Tuesday, January 10, 2012

New Year's Resolution

Mix more lemonades.

Like Kiwi Lemonade!

Friday, January 6, 2012

Banana Ginger Ice Cream

Of all the ice creams I've made so far, this one is by far Kirsten's favorite, so it's probably one that I will be making again and again. Also, as far as ice cream goes, it's a really simple recipe.

Banana Ginger Ice Cream

1 Can evaporated milk
1 pint cream
1/2 C sugar
2 very ripe bananas
1.5 Tbs vanilla (this is a lot of vanilla, but I love vanilla)
2 tsp ground ginger
1 tsp ground cinnamon
dash of clove
dash of sea salt

1. Mix the milk, cream, and sugar until the sugar dissolves.
2. Mix in the bananas. Use a hand blender or mixer to incorporate the bananas into the mixture.
3. Mix in all other ingredients.
4. Transfer to ice cream maker and follow instructions.

And then you have some most excellent banana spice ice cream! You can also use pumpkin, about one cup, to replace the banana, but the banana flavor is stronger. If you use the pumpkin, add a bit more sugar, less ginger and more cinnamon.

Thursday, January 5, 2012

Sauteed Apples and Onions with Shrimp

One crazy night, I thought of the idea of sauteing apples. Then I googled it and realized that lots of people do it all the time, and that it is not, really that crazy of an idea. Which is good for me because it means I am not crazy.

Any how, here is my take on sauteed apples (which are delicious) and onions together, making apple more of a savory dish than a sweet one.

Sauteed Apples and Onions with Shrimp
Slice apples, cut them horizontally against the core rather than with the core to get the pretty star pattern (though regular sliced apples would be fine.)  Use a crisp and sweet variety, like Honeycrisp or Gala, or maybe even granny smith. Mushy apples or mild/bland ones won't do you much good here.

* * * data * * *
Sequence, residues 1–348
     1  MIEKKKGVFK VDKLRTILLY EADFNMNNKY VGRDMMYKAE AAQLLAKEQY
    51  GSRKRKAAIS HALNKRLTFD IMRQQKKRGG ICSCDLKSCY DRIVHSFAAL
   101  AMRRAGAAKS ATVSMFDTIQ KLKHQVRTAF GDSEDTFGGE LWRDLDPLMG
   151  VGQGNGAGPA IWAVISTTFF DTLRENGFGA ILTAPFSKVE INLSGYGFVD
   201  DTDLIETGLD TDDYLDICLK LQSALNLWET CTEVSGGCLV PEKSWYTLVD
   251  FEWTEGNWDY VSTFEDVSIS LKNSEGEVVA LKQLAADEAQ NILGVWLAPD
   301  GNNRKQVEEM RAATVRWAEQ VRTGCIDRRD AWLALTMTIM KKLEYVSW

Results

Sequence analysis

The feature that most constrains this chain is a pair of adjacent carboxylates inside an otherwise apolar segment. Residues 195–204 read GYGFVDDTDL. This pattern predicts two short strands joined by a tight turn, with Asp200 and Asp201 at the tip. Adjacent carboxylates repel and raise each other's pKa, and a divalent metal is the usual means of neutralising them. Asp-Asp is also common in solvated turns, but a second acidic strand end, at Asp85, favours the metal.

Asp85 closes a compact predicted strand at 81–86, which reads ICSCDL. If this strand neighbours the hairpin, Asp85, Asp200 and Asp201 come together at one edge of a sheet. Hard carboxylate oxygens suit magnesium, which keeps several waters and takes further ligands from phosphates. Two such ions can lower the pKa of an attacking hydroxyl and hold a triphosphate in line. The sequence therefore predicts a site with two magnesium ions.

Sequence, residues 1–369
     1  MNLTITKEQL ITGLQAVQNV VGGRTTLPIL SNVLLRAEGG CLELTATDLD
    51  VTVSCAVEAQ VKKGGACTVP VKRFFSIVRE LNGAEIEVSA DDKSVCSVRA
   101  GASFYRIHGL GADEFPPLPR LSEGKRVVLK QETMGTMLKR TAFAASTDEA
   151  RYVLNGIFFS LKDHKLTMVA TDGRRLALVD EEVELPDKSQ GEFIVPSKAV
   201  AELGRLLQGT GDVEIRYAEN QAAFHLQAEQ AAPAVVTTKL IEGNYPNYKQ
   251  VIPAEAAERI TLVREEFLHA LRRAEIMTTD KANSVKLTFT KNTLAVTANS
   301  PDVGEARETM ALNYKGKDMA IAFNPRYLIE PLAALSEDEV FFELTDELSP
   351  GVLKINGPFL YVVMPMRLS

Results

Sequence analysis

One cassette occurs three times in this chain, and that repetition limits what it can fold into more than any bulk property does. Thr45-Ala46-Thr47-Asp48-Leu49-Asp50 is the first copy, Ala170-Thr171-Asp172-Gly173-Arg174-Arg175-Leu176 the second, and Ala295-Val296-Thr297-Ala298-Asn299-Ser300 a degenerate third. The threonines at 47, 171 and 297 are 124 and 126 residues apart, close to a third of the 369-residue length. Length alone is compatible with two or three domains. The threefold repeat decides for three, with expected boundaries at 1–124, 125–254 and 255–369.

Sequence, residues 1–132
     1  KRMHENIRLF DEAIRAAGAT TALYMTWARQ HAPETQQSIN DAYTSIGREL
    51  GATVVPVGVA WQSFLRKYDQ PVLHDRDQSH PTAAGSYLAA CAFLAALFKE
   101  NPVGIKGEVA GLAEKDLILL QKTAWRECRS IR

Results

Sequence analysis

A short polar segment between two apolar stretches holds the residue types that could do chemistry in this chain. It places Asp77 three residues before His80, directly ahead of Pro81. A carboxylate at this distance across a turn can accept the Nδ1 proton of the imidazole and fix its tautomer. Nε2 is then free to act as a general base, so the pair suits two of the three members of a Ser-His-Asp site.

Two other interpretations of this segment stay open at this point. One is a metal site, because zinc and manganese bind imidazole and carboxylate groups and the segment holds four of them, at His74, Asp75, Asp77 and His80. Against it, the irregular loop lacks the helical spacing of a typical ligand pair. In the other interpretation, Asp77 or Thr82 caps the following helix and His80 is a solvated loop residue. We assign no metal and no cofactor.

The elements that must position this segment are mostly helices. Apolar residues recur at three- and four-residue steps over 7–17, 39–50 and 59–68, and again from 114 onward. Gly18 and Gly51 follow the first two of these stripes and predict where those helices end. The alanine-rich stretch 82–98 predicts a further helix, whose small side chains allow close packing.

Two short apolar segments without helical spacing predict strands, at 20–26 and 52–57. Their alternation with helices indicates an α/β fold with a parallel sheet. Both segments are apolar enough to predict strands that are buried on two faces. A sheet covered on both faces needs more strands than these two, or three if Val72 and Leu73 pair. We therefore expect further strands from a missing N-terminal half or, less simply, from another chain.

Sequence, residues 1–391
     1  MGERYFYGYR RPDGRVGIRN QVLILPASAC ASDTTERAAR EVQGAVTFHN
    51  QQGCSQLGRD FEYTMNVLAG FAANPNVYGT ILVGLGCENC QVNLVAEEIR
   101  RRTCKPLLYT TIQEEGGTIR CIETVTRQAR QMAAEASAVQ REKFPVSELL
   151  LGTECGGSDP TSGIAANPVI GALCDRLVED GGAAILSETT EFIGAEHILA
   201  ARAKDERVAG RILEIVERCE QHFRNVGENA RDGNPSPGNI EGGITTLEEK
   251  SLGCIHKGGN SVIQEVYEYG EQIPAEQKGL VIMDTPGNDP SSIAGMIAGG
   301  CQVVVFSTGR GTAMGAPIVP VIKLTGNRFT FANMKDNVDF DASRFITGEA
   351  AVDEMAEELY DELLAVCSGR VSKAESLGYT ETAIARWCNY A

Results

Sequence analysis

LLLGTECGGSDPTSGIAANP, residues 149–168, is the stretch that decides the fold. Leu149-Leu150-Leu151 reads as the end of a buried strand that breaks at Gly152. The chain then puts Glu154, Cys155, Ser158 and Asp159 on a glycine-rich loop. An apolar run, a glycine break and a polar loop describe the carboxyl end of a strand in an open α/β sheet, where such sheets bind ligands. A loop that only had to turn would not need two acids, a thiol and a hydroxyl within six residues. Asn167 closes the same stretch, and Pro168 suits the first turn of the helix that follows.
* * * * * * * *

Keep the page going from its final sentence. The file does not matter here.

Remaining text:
Chopped onions, generously sliced for larger pieces.

Salt and Pepper to taste.

Fresh parsley, for some nice, mild flavor.

Add a dash of vinegar.

There are any combinations of spices and herbs you could use here for delicious flavor, just remember that the apples and onions together will be pretty sweet, even if the dish is savory.

Saute in olive oil until the apples and onions are both soft, but not soggy.

Remove the mixture from the pan, leaving just a few onions and apples in the pan, then cook whatever meat or sauce you want to go with the apples and onions. I mixed in some shrimp, cooking them in the pan to let them get the flavor of the apples and onions, then tossed them all together once it was done.


Monday, January 2, 2012

Sweet Potato (or Acorn Squash) and Pear Soup

My friend Monique gave us some recipe books when she was cleaning out her closets last year, and one of the books that she gave us was Veggie Food, edited by Kay Scarlett. Because I love soups, I was excited to find that there is a whole section of veggie soups, lots of which are rich and creamy. There are several chilled soups, which I want to explore, but so far the favorite in our house has been the Sweet Potato and Pear soup, which I've adapted here, to use with sweet potatoes or acorn squash.

Sweet Potato (or Acorn Squash) and Pear Soup
1 Tbs butter
1 sweet white onion, medium-small to medium (larger if you like lots of onion flavor)
6-7 medium sweet potatoes, peeled and cubed,
       or 2 medium acorn squashes, roasted and peeled. Might also use a large butter nut.
3-4 firm pears
4 C vegetable or chicken stock
1 C cream
Black Pepper to taste
A pinch of cinnamon and/or nutmeg if you're feeling adventurous

-Saute the onions in butter
-Add the cubed potato or squash, cook for 2-3 minutes
-Add the cubed pears
-Add the stock, bring to a boil then cook an additional 20 minutes, or until potato/squash are soft.
-Using a hand blender, or by transferring the soup by batches to a stand blender, puree the soup.
-Just before serving, add the cream.  (I actually only add about 3/4 C cream, but I think I prefer less cream in soup than the average person.)
-Salt and pepper to taste. (maybe a pinch of salt, but I like a generous amount of black pepper.)

Kirsten tells me that she prefers the soup with the squash, but I liked the potato iteration better. They were both really good. You could make this basic soup with lots of firm, winter vegetables: almost all of the winter squashes will work, potato, yams, etc. It is a rich, creamy soup that is great for cold days. We served it with a side of sauteed veggies and some hearty whole wheat bread to round it all out.